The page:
Initially, we note that "[the] purpose of the post-conviction proceeding is to inquire into the constitutional issues stemming from the original conviction which have not already been adjudicated -- including those issues which have been directly appealed or could have been directly appealed." (People v. Perez (1983), 115 Ill. App. 3d 446, 450, 450 N.E.2d 870, appeal denied (1983), 96 Ill. 2d 547.) When a defendant directly appeals his conviction on a complete record, the judgment of the reviewing court is res judicata as to all issues which were or could have been raised. (People v. Adams (1972), 52 Ill. 2d 224, 225, 287 N.E.2d 695.) This waiver doctrine does not apply to issues raised in a post-conviction petition which stem from matters outside the record and thus could not have been brought on direct appeal or where fundamental fairness requires relaxation of strict application of the doctrine. (People v. Cobb (1986), 150 Ill. App. 3d 267, 270, 501 N.E.2d 699, appeal denied (1987), 113 Ill. 2d 578, 505 N.E.2d 356; People v. Goins (1981), 103 Ill. App. 3d 596, 598, 431 N.E.2d 1069, appeal denied (1982), 91 Ill. 2d 562.) In addition, when there has been a post-trial review of a case and the issue of ineffective assistance of counsel due to an attorney conflict of interest has not been raised, the issue may be waived if there was independent counsel on review. People v. Ross (1985), 138 Ill. App. 3d 1089, 1093, 487 N.E.2d 68.
In the instant case, petitioners did not raise the issue of ineffective assistance of counsel on direct review to this court although they were represented by counsel different from trial counsel. However, they did not have independent, separate counsel until the post-conviction proceedings. Only then could arguments have been made which were damaging to each other. Furthermore, it was not until the post-conviction hearing that Jordan testified that when Dorothy testified that Andre gave the command to kill, Jordan thought the case was lost for both Dorothy and Andre and that Jordan might have leaned over to Andre and indicated that Dorothy's testimony was extremely damaging to Andre. Moreover, this is a case where fundamental fairness requires us to relax strict application of the waiver rule.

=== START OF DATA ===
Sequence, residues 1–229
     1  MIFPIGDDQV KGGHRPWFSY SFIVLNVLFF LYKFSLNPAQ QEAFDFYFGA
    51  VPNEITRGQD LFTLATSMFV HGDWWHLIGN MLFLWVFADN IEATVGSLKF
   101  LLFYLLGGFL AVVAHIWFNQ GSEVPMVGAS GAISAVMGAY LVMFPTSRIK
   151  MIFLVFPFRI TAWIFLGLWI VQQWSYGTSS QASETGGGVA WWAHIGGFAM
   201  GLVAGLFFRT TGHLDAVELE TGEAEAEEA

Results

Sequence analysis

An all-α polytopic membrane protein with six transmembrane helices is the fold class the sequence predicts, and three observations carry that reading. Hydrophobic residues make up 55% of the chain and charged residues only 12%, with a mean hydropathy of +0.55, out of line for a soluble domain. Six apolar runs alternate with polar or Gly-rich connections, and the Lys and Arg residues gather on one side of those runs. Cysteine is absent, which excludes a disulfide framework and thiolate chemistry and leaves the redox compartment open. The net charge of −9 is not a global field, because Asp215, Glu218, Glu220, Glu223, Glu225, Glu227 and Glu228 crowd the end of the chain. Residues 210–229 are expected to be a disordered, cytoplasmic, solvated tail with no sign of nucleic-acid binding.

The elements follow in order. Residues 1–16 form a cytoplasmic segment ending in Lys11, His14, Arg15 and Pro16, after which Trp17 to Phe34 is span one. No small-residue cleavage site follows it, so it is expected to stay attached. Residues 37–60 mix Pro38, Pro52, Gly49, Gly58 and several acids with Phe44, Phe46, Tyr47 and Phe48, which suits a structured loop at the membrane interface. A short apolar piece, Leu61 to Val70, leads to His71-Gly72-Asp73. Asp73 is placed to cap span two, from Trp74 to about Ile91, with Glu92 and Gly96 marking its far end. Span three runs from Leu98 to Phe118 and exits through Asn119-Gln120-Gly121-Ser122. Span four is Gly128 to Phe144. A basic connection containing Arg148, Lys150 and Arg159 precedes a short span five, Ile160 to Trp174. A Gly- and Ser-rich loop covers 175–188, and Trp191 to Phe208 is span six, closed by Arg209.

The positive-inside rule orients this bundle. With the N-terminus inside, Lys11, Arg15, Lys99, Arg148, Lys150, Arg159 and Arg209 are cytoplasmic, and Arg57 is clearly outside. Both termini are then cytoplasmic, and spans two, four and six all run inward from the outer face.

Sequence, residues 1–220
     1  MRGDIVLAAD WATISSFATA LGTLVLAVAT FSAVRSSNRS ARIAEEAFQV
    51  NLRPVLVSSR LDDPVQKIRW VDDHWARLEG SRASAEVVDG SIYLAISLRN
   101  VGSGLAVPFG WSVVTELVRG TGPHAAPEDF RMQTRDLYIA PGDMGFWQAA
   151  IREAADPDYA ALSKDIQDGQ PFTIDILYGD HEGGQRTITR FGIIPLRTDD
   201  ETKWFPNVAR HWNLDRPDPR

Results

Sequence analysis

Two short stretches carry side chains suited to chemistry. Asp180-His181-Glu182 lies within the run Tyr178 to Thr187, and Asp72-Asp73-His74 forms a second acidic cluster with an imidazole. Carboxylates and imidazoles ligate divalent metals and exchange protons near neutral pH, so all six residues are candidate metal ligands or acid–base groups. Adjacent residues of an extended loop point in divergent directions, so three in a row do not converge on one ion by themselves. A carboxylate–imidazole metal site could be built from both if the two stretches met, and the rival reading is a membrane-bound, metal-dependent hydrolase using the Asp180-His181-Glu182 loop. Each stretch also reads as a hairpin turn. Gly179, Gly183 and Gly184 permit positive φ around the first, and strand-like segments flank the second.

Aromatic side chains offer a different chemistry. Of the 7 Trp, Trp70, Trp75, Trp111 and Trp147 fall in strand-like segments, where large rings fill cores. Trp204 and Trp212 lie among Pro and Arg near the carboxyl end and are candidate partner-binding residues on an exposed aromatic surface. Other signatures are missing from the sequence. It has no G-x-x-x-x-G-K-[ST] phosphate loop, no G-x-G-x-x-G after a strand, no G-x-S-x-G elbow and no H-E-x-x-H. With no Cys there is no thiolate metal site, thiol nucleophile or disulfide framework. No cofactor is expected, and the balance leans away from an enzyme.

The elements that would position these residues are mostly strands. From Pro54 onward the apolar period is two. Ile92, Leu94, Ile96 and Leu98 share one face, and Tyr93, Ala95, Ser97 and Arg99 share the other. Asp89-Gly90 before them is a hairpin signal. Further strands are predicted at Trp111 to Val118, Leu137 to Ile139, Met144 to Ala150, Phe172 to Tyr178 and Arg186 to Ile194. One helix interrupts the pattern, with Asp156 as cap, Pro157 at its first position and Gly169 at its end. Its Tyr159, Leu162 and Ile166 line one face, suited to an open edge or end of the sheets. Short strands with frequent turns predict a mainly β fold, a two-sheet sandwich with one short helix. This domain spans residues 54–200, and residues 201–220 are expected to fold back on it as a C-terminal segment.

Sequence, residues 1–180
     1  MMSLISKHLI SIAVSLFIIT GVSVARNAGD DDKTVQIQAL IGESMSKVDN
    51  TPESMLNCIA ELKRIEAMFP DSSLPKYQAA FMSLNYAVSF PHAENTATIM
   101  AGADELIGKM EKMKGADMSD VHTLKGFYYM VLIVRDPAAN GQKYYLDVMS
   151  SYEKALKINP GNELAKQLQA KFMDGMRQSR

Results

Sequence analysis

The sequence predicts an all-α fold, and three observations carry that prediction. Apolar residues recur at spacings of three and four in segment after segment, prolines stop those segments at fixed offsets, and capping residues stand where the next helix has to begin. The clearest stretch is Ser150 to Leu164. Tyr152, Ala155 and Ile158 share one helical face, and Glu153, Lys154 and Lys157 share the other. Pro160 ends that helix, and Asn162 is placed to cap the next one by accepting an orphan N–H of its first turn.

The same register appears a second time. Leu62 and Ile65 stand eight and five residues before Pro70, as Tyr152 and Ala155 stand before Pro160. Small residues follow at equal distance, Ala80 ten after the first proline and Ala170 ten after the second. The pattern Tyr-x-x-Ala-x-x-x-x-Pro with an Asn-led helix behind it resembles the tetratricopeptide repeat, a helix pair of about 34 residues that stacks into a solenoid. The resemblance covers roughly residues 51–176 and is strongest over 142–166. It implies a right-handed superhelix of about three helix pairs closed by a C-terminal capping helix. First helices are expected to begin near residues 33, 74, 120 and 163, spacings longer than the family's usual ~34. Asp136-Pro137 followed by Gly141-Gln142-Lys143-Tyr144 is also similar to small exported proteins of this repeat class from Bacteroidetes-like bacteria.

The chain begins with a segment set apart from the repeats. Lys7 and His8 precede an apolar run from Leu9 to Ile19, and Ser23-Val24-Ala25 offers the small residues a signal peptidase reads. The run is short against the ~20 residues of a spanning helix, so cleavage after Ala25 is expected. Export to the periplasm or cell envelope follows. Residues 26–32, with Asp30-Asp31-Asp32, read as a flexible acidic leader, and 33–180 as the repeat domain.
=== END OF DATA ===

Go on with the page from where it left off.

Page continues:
The State also argues that petitioners waived their right to conflict-free counsel because prior to trial the court clearly admonished them of the possibility of a conflict and of their right to separate counsel, but petitioners agreed to be represented by the same attorney. We disagree. In order to waive the right to conflict-free counsel, a defendant must know of the potential conflict and of its significance. (People v. Sanchez (1987), 161 Ill. App. 3d 586, 592, citing People v. Olinger (1986), 112 Ill. 2d 324, 339, 493 N.E.2d 579, cert. denied (1987), 479 U.S. 1101, 94 L. Ed. 2d 180, 107 S. Ct. 1329.) There must be a strong showing of an intentional and knowing waiver. People v. Dace (1987), 153 Ill. App. 3d 891, 895, 506 N.E.2d 332.